Down we go disappearing in a flash under a canopy of galvanised tin. There are no organised isles leading to a checkout. No prices, no bar codes, no see your face on the floor, no artificial light, no trolleys, no massive car park, no loyalty cards, no buy one get one free, no name tags, no crèche, no credit cards. There is, however, that wonderful African quality dignity with a smile no matter how bad business is.
We wander for hours through well-defined areas, spices, flour, rice, and fresh tomato puree, vegetables, fruit, meat, fish, tub aware, plastic bottles, stainless steel, guns, medical cures, tablets, silk, tailors, firewood, sunglasses, shoes, car parts, money exchanges, greegree, jewellery, tapes, records, you name it and it is to be had.
A few items we noticed that might be hard to find these days were smoked bush meat and fetish items. The whole lot it is governed by supply and demand, market prices and market laws. We emerge into the sunshine promising ourselves another dose before we say our goodbyes.
Our second Kumasi day is Fannies. She has the bit between the teeth and is single-minded in that we are off to meet Nana for a cup of tea in the palace grounds. She had met him back in London in the late sixties. The thirty odd stone Ashanti king had given her an open-ended invitation to call on him if she happened to be in the area. Learning once more the use of the indicators and the horn we all troop across town in Williwaw to Manhyia the Asantehene’s Palace.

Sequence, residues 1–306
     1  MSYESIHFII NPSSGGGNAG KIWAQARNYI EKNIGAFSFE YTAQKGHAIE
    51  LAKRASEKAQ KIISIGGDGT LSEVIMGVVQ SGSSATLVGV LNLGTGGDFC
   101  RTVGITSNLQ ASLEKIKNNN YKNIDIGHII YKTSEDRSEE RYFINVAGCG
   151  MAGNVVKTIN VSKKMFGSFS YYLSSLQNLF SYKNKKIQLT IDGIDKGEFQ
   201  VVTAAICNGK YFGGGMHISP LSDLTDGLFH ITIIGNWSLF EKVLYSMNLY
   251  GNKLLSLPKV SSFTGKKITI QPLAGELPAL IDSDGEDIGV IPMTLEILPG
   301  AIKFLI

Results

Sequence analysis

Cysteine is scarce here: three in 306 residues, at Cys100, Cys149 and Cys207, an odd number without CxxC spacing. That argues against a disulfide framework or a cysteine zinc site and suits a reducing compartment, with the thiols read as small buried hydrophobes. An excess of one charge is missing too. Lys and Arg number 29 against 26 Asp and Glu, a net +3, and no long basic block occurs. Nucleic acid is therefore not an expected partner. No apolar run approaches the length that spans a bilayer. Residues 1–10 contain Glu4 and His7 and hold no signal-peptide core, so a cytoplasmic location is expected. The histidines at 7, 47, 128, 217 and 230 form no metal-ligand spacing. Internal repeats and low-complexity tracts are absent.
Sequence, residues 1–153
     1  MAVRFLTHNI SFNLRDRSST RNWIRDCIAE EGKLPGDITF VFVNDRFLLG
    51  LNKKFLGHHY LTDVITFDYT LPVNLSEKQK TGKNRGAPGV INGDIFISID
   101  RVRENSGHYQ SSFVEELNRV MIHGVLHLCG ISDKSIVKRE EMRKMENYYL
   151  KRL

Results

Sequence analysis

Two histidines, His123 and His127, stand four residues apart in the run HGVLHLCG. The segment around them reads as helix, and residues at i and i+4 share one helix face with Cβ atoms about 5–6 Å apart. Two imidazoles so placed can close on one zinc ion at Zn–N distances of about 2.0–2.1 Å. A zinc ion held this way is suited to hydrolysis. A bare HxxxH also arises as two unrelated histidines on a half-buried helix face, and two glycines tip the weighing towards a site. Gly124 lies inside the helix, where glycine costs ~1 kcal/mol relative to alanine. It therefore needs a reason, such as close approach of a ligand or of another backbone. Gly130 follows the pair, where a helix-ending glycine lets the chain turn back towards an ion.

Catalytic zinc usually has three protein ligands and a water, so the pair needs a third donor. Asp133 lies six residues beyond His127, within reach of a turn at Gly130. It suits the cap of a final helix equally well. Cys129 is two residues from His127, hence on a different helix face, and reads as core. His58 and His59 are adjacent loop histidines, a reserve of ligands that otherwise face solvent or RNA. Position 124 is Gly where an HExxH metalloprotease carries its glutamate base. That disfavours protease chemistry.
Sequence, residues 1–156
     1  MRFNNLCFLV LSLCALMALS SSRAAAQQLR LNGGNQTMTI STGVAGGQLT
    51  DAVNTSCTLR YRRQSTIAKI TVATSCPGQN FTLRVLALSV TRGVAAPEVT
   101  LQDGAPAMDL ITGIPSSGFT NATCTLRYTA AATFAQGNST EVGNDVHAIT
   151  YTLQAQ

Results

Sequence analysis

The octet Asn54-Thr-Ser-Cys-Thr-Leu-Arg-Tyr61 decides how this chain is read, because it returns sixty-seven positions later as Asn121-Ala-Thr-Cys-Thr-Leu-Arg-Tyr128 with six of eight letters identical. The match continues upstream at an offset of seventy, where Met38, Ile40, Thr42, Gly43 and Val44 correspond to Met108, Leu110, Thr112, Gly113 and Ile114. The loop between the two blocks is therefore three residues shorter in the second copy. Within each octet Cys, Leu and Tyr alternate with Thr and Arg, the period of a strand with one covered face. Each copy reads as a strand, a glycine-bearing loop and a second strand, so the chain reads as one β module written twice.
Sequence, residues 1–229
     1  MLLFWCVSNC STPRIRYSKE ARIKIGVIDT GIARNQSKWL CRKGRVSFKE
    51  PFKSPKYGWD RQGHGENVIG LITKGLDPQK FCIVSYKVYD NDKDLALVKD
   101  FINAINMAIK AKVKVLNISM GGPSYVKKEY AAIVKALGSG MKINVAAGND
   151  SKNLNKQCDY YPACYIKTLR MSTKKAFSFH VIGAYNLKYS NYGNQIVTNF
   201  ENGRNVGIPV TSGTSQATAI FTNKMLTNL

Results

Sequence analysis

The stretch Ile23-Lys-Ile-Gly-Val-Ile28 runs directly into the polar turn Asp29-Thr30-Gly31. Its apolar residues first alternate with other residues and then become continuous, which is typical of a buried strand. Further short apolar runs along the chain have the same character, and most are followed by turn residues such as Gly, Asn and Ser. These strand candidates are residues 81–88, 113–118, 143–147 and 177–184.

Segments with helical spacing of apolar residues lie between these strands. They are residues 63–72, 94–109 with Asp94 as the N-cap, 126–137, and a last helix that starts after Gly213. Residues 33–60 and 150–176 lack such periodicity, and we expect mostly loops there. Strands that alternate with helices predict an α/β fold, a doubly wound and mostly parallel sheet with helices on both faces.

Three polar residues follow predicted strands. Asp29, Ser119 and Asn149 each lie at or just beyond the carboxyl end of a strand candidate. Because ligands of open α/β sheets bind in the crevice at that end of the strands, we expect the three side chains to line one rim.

Arriving at the palace, which is colonial in its caricature we are directed to the secretary’s office. The only permanent resident in the offices is a large black cat. People roam in and out at will. Fanny leaves a note with the cat for his highness. We learn that he will be meeting some of his Chieftains on Monday. Come along and watch.
We console Fanny with a visit to the Prempeh II Jubilee Museum to see the fake stool, and a leather sack, which according to tradition if opened will cause the downfall of the Asante nation. But not to worry, as across the road there is a sword if pulled from the ground will have the same effect according to another legend. Perhaps King Arthur had a practice session down here. We did not try. It looked like that the end was near, and the whole Asante culture, nation, is going to be conquered by rust.